AN OXFORD charity supporting families of sick and premature babies held a series of events to mark the UK's first Neonatal Mental Health Awareness week.

SSNAP (Support for the Sick Newborn and their Parents) based at the John Radcliffe Hospital highlighted the issue of mental health with coffee mornings, discussions and sibling play days.

During a coffee morning on Thursday, one parent explained just how the charity had supported them following the premature birth of their baby: “It’s the little things that make a massive difference.

"When we came to hospital to give birth to our premature baby, everything happened so quickly and it obviously wasn’t planned.

"We didn’t even have anything small enough for him to wear, but SSNAP gave us a goody bag with blankets and tiny hats.

"Little things like that meant that we could cuddle our baby.

“They’ve offered wonderful support.

"They keep us topped up with food and drink and make sure we’re eating and looking after ourselves – with the stress of a premature baby, it’s very easy to forget to take care of yourself, but they’re on-hand to keep you going during a difficult time.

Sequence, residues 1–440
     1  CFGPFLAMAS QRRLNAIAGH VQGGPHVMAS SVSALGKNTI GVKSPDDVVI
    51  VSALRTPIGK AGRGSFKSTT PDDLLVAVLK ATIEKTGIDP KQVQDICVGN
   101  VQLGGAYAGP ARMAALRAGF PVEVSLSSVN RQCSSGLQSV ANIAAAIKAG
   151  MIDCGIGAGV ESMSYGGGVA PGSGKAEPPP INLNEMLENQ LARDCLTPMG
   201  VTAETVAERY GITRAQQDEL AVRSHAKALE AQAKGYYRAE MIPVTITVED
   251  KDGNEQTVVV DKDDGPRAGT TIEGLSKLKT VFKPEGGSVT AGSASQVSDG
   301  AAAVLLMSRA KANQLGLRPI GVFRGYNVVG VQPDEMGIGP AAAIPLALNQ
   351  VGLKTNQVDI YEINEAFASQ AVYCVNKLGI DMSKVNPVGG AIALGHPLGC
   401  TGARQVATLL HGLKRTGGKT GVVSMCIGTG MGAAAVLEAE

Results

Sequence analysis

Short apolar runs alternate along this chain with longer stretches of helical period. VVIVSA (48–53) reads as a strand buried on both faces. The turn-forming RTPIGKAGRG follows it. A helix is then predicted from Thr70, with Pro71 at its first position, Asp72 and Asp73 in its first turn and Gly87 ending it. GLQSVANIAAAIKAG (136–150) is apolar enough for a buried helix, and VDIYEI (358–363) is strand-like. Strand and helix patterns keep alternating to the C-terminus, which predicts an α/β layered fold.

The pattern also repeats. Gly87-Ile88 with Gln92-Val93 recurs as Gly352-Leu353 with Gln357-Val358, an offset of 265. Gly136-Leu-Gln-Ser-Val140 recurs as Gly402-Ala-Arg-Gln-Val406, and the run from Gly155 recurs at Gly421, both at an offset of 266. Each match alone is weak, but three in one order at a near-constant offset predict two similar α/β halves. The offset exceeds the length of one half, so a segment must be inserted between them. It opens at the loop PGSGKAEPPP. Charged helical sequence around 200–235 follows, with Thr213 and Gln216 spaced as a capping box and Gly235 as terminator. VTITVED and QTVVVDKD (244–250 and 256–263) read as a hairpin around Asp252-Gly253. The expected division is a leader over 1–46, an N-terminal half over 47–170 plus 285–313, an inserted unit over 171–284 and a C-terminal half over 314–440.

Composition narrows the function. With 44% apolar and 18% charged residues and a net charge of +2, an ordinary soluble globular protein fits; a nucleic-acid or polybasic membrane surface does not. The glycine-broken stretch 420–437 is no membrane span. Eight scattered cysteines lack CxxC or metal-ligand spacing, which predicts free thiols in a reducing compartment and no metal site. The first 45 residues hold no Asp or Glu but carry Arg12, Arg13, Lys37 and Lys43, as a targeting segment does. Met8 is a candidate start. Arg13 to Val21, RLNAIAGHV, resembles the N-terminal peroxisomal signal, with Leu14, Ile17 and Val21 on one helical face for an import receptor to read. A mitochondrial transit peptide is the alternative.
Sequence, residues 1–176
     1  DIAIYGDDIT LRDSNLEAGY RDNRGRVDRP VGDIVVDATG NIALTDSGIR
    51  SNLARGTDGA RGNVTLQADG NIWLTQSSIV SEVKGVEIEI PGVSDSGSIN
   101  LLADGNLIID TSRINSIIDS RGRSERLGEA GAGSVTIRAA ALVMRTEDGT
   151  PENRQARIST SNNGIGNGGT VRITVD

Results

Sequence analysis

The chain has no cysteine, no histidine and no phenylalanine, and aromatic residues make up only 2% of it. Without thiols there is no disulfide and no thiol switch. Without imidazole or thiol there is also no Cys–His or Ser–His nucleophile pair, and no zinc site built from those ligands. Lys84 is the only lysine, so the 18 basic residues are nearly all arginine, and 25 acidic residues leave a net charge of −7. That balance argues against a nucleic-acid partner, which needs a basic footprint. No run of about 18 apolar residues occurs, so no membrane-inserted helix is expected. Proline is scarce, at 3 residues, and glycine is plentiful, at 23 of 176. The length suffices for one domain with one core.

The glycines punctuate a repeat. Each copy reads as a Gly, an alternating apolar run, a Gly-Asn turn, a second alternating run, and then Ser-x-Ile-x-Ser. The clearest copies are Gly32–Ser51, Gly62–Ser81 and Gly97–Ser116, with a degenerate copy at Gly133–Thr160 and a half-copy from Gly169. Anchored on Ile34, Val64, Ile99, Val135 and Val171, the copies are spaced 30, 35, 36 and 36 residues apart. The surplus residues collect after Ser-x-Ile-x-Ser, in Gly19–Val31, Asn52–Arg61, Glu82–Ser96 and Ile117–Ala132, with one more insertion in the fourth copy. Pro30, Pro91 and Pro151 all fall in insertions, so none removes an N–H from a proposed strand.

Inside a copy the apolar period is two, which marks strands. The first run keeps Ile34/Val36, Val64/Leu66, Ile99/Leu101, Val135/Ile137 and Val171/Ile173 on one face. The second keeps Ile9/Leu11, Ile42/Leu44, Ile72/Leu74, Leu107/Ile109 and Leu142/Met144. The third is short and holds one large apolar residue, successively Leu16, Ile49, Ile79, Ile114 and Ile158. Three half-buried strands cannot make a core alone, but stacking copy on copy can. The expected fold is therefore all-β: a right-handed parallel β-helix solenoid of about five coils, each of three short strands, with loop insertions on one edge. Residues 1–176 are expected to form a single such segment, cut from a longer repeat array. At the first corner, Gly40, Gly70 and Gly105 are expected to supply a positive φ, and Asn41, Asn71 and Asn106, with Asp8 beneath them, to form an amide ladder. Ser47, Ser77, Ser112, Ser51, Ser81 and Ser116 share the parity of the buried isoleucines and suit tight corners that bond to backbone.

"Friends and family are amazing, but SSNAP understand exactly what you’re going through.”

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The charity was founded 38 years ago by a group of parents at the John Radcliffe Hospital who recognised the need for support and help for families with sick babies.

Now SSNAP help raise funding for equipment, nurse training, and many other things that can help support families in need.

Family Care Co-ordinator at SSNAP Christine Headford, said: "It’s a privilege to help families at what can often be a difficult time."

She added: “Throughout Neonatal Mental Health Awareness week, we’ve held several events including coffee mornings, activities for siblings of poorly babies, and talking to grandparents on the unit.

"We’re here for the whole family, and want them to feel cared for when baby is in hospital.”

For more information on SSNAP visit